PURPOSE: To determine whether the amount of polyethylene debris in the interphase tissue between prosthesis and bone in patients with total wrist arthroplasty correlated with the degree of periprosthetic osteolysis (PPO); and to investigate the occurrence of metal particles in the periprosthetic tissue, the level of chrome and cobalt ions in the blood, and the possible role of infectious or rheumatoid activity in the development of PPO. METHODS: Biopsies were taken from the implant-bone interphase in 13 consecutive patients with total wrist arthroplasty and with at least 3 years' follow-up. Serial annual radiographs were performed prospectively for the evaluation of PPO. We collected blood samples for white blood cell count, C-reactive protein, and metallic ion level. RESULTS: A radiolucent zone of greater than 2 mm was observed juxta-articular to the radial component in 4 patients and at the carpal component in 3. The magnitude of the radiolucent zone tended to level out over time. We observed subsidence of the implant in 3 patients on the carpal side and in none on the radial side. The amount of polyethylene and metallic debris was generally small and did not correlate with the width of the radiolucent zone. The blood levels of chrome and cobalt ions were normal. There was no evidence of infectious or rheumatoid activity. CONCLUSIONS: Polyethylene wear has been accepted as a major cause of osteolysis in total hip arthroplasty, and metallic debris has also been cited to be an underlying cause. However, our hypothesis that polyethylene debris correlated with the degree of PPO could not be confirmed. Also, metallic debris and infectious or rheumatoid activity did not correlate with PPO. TYPE OF STUDY/LEVEL OF EVIDENCE: Prognostic I.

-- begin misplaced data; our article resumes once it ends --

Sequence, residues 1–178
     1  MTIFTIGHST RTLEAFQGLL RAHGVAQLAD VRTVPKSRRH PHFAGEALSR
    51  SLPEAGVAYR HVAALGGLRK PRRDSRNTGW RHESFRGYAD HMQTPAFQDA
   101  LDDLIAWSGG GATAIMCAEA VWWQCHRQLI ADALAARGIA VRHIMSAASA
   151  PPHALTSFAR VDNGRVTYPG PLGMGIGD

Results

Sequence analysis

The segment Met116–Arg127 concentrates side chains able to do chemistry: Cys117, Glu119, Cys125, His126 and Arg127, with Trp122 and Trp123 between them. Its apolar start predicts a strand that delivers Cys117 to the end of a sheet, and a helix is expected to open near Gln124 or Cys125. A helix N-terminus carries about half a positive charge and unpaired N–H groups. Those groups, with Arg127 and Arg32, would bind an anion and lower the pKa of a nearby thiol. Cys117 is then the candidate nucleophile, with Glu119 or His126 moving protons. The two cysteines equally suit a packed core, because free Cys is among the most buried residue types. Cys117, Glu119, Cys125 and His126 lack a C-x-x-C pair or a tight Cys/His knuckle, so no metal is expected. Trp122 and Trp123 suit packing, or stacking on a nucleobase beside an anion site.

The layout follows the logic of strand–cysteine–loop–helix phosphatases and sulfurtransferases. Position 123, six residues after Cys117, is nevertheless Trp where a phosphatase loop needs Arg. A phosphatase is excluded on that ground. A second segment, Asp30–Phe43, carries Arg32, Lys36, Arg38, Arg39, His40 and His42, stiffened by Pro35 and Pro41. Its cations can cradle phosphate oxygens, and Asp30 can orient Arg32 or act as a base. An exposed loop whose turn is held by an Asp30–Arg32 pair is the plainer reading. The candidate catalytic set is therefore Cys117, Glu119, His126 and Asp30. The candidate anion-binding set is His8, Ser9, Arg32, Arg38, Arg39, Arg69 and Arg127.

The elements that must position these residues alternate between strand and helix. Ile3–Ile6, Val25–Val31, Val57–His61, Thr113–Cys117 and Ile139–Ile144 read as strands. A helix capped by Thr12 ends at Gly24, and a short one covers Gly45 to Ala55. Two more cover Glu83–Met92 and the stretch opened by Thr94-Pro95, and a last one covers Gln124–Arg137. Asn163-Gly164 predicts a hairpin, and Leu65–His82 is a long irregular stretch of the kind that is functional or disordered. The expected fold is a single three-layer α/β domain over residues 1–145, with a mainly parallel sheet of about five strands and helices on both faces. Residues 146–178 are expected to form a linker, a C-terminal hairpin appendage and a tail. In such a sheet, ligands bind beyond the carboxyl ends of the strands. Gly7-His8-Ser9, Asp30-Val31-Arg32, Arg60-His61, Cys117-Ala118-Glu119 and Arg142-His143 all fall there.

Journal of Hand Surgery (american Volume), 2014, Vol 39, Issue 12, p. 2396-404